- Despite the Justice Department investigation, Gaetz is joining Rep. Marjorie Taylor Greene (Ga.) on a national “America First” tour. The two Republicans will kick off their tour with a rally May 7 at a hotel in the largely-Republican retirement community in Villages, Fla., Colby Itkowitz reports.
Mike Pence, in his first speech since leaving office, spoke fondly of Trump.
- The former vice president, while addressing the Palmetto Family Council, “made no mention of the scathing criticism Mr. Trump leveled at him for his refusal to try to overturn the 2020 presidential election results. He did not mention the attack on the Capitol on Jan. 6, which included agitated Trump supporters chanting ‘Hang Mike Pence’ while the president did nothing for hours to stop them,” the Times’s Annie Karni reports.
- “Instead, Mr. Pence made his political calculation clear: any possible future in the party for him still depends on staying closely aligned to Mr. Trump, despite the accompanying indignities. Mr. Pence said he had the ‘privilege of serving alongside President Donald Trump,’ and reminisced about the good times they had together on the 2016 campaign trail.”
- “Pence has been quiet since leaving office, notably skipping Republican gatherings like the Conservative Political Action Conference in February. He underwent a successful surgery this month to have a pacemaker implanted and has signed a contract to write a book about his tenure as vice president. Mr. Pence has spoken frequently to Mr. Trump since the two left office, according to an aide. They connected most recently, the aide said, when Mr. Trump called him after his pacemaker procedure.”
- Pence might have reemerged, but Trumpworld has moved on, writes Politico’s Meredith McGraw: “Trump aides say they are not keeping tabs on [Pence’s] political machinations like they are for other leading Republicans. Indeed, a handful of those contacted for this piece confided that they had no idea Pence was making his post-White House debut on Thursday. ‘The Vice President’s foray into 2024 politics will be met with a more reserved golf clap,’ said a former Trump senior administration official, who described Trump’s relationship with Pence as ‘cordial but not intimate.’”
Today in history
On this day 10 years ago, Obama made fun of Trump at the White House Correspondents Dinner. We all know what happened next:
Ten years later, Obama and Ret. Adm. William H. McRaven discussed the meaning of the mission to kill bin Laden, Greg Jaffe and Greg Miller report. “These issues of war are treated as abstractions,” Obama said to McRaven about the Americans who worked the mission. “We forget that these are folks who have families and loved ones and that they are carrying a burden on behalf of hundreds of millions of Americans.”
Quote of the day
“I’ve seen movies where the CIA can do this,” former CIA Director Leon Panetta told officials as the U.S. tried to figure out if bin Laden was hiding in a compound.
Hot on the left
New York Gov. Andrew Cuomo (D) “claims ‘it’s not fair’ accusers have gone public with sexual harassment accusations,” the New York Daily News’s Denis Slattery reports. “‘What has happened is, the complainants have continued to go to the press and make their complaint in the press,’ Cuomo said during an appearance in Buffalo. 'And I have not been able to respond. That’s not fair and it’s not right.’ Cuomo said he has yet to talk to independent investigators hired by Attorney General James’ office last month to probe the allegations made against him. But he can’t wait to share his side of the story. ‘I have not, but I can tell you this, I have tried to be respectful of the process,’ he said. ‘At the same time, it has been very difficult letting people make accusations and not responding. And people have only heard one side of the story.’”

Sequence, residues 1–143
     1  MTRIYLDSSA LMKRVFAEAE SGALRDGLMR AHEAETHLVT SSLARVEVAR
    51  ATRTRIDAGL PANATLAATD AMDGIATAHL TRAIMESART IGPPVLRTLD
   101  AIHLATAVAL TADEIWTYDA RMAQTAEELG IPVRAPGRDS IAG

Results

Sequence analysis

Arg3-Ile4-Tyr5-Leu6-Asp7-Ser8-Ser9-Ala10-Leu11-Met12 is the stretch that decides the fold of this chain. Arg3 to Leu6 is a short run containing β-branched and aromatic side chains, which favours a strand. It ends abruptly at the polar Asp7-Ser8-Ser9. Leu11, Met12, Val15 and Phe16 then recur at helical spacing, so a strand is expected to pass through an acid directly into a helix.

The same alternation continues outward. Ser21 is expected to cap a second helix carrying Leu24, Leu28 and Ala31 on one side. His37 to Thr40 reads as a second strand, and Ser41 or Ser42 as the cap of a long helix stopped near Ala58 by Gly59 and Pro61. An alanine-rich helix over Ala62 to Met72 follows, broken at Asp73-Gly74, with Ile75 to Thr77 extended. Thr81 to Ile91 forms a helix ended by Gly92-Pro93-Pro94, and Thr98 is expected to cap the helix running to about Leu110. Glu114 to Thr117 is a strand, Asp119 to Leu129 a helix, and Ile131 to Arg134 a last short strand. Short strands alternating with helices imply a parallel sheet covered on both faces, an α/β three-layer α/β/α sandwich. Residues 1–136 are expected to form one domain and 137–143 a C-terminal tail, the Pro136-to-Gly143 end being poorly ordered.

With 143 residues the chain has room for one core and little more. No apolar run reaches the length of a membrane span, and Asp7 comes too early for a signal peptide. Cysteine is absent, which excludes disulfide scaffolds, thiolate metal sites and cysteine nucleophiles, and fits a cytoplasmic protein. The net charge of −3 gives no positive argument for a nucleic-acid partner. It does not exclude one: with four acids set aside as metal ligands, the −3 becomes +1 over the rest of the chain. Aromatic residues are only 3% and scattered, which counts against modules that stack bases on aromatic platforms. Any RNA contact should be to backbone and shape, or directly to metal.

Hot on the right
The race for Texas’s 6th Congressional District, which will be decided in a Saturday special election, showcases the GOP fight over Trump, conspiracy theories and election lies, write CNN’s Clare Foran and Donie O’Sullivan: “A former professional wrestler is using the tagline ‘make America Texas again’ as he warns ‘commies in DC are ruining America.’ Two former Trump administration officials are highlighting ties to the former President and the widow of a former congressman has secured a coveted Trump endorsement in the race. Then there's Michael Wood, an outspoken anti-Trump Republican running with a message that puts him far outside the mainstream of his own party. Wood wants Republicans to reject Trump and stop perpetuating conspiracy theories. ... the fact that only one Republican candidate is denouncing Trump and conspiracy theories underscores how firm a hold the former President still has on his party. ‘I'm afraid for the future of the country,’ Wood said. ... ‘Somebody needed to stand up and say, this isn't what the Republican party should be, and we've got to go in a different direction.’”
Job growth during Biden’s first 100 days in office, visualized
Today in Washington
Biden and first lady Jill Biden are flying to Pennsylvania today at 12:25 p.m. Biden will deliver remarks celebrating Amtrak at 2:30 p.m. At 3:40, the Bidens will travel to Delaware, where they will spend the weekend.
Harris will travel to Ohio, where she will talk about the president’s jobs package at 12:20 p.m.
Seth Meyers, speaking about Rudy Giuliani's FBI raid, said some in Trump's circle appear to be surprised to find out that nobody is above the law: